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Around The Fleet

You Stand No Watch Alone

An Open Letter from a Veteran

Some 40 years ago, a young aviation electronic technician stood a cold and lonely mid-watch, the only sound the slap of waves against his ship and the echoing of his own thoughts. It was one of hundreds of watches Richard H. Thayer Jr. would stand over 13 years in the Cold War-era Navy, and almost 12 more in the Reserves.

He stood them on USS Saratoga (CV 60), USS Kitty Hawk (CV 63), USS Constellation (CV 64), USS America (LHA 6) and USS John F. Kennedy (CV 67). He stood them with resignation, with boredom, with duty. But he misses them now. He misses the Navy and the daily challenges, the camaraderie with his shipmates, the sense of accomplishment.

"We were trained to do jobs that would make many people with advanced college educations stagger under the immensity of the tasks," Thayer, who went into aviation electronics because he loved to tinker, said. "There is no mindless work in the Navy. Every job is the cog in one of the wheels that make the whole thing turn."

Today, Thayer is a program director and professor of biomedical technology at a local college. His son, Cryptologic Technician Technical 1st Class Richard H. Thayer III, recently finished a seven-year stint in the Navy, and his son-in-law, Aviation Ordnanceman 1st Class Jason Keller, has been on active duty for 18 years. They inspired the commentary below, that and a friend who casually referred to something as "lonely as a mid-watch."

Thayer wants to honor "the millions of Sailors who have stood the mid-watches with only the sea for company." He wants them to "take away some small measure of self-satisfaction in the sacrifices they make to protect America.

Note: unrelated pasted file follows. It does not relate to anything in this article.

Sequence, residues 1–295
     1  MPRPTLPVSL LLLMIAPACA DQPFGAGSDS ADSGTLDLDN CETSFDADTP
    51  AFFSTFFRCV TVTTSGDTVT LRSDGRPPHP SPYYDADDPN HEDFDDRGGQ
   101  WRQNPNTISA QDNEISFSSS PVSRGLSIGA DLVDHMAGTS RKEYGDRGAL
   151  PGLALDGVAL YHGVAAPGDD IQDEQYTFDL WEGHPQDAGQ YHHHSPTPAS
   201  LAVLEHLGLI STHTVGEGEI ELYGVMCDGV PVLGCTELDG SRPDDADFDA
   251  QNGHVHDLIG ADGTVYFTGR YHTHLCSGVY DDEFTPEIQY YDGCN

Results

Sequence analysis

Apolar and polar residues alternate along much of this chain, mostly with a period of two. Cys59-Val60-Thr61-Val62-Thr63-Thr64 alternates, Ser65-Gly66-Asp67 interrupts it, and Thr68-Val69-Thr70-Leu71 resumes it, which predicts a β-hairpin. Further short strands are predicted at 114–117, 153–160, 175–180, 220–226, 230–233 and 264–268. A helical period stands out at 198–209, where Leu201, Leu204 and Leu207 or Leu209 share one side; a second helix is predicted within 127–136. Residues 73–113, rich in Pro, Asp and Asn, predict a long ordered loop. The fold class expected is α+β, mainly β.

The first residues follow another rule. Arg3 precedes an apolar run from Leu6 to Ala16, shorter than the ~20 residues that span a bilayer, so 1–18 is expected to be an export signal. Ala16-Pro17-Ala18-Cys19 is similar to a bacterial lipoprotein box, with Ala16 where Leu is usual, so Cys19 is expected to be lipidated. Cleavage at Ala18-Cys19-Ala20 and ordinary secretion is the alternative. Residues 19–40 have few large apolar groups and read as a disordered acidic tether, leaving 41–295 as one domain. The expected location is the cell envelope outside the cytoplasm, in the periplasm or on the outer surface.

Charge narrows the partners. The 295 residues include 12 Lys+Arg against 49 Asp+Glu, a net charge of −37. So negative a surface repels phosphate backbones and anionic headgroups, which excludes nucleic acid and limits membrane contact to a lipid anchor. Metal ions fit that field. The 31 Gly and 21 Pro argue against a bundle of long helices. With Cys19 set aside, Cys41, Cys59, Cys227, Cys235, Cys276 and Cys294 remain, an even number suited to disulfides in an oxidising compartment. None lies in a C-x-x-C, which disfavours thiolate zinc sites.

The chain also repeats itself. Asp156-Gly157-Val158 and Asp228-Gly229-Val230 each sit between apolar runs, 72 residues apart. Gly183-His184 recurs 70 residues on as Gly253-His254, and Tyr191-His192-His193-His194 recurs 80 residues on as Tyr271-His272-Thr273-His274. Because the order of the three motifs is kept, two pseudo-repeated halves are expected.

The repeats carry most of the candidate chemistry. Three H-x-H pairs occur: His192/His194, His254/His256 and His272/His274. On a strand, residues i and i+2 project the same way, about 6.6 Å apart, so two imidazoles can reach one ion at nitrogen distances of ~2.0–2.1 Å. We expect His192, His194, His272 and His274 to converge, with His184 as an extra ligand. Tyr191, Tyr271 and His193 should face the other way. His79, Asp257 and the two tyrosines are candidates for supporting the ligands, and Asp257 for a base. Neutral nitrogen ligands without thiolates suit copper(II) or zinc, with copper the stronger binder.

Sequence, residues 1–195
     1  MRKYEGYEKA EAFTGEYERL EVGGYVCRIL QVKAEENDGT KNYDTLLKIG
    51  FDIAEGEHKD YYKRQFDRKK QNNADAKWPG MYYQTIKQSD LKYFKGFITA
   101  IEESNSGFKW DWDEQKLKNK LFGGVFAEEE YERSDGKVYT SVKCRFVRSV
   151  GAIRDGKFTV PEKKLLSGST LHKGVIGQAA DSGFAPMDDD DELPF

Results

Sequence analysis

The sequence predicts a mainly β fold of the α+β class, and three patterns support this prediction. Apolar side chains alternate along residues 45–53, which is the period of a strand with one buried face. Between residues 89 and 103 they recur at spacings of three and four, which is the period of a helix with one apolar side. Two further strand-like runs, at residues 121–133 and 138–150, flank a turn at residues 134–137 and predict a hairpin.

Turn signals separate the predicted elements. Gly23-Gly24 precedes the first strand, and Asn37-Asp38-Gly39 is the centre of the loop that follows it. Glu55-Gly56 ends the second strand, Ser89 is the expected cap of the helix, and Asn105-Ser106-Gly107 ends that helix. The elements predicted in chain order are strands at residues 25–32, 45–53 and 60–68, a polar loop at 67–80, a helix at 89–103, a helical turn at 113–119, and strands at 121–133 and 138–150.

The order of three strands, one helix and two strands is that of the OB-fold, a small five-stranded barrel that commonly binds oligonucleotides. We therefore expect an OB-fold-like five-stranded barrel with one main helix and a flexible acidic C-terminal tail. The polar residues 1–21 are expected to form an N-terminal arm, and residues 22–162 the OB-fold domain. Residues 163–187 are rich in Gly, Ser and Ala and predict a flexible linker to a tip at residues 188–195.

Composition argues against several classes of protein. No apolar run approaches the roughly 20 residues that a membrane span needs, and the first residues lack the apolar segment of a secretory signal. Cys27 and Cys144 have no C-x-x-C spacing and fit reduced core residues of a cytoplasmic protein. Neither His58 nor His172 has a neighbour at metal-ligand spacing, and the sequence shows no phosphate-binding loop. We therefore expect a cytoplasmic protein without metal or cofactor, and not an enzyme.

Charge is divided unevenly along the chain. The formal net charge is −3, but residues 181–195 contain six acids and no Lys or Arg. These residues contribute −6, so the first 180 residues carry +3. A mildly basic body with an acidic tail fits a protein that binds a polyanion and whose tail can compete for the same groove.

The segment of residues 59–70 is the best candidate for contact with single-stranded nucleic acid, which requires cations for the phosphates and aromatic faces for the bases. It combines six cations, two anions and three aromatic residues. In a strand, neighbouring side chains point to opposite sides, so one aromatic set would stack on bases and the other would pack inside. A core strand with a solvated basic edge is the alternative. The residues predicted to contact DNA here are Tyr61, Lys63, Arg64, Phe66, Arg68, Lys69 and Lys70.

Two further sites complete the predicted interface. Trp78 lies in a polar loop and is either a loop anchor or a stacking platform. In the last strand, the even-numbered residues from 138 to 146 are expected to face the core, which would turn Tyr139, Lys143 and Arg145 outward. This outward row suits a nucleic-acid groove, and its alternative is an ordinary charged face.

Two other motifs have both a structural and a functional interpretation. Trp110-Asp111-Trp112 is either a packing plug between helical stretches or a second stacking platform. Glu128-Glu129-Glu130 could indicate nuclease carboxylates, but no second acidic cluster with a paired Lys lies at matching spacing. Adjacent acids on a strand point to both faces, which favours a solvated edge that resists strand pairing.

"Examine your lives long and carefully before dismissing a career in the Navy," he further advised. "You will never again be a part of something where your sacrifice brings so much to so many."


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You stand no watch alone.

When you are out there, on that mid-watch, alone, you might question why you are there, and if anyone really cares.

I care. We all care. Our hearts are with you, and we stand every watch with you. The work you do, the work ALL Sailors do, is protecting so many of us who depend on you, whether we realize it or not. We are so proud.

You stand no watch alone.

The spirits of seafarers from time immemorial stand with you, uncountable generations long since relieved of their ephemeral watches, huddled in their oilskins, shivering for some measure of warmth in the icy rain. You stand where they stood. You are their proud legacy.

You stand no watch alone.

You stand solitary sentry, steadfast in the obligation you accepted when you swore your oath to stand in harm's way. You protect the Navy, and the Navy protects us all. You stand with the hopes of millions of Americans, and their trust that you will be true to your vow.

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You stand no watch alone.

From the birth of our country until now, many Americans have never known the full import of what you do, and what you are willing to do, to protect them. They lie in cozy beds while the world struggles in chaos, oblivious to the millions who serve their duties, uphold their oaths, stand their lonely watches, and dedicate their livelihoods - nay, even their very lives - to make that simple comfort a reality. Indeed, in the words of a famous quote, one I believe is derived from the collected writings of George Orwell, "People sleep peaceably in their beds at night because rough men stand ready to do violence on their behalf."

You stand no watch alone.

I stand with you. I salute you for your sacrifice, and for the life you have chosen. May a benevolent God rest his loving hand on your shoulder, keep you company in the bleak night, and continue to stoke the fire in your heart.

You stand no watch alone.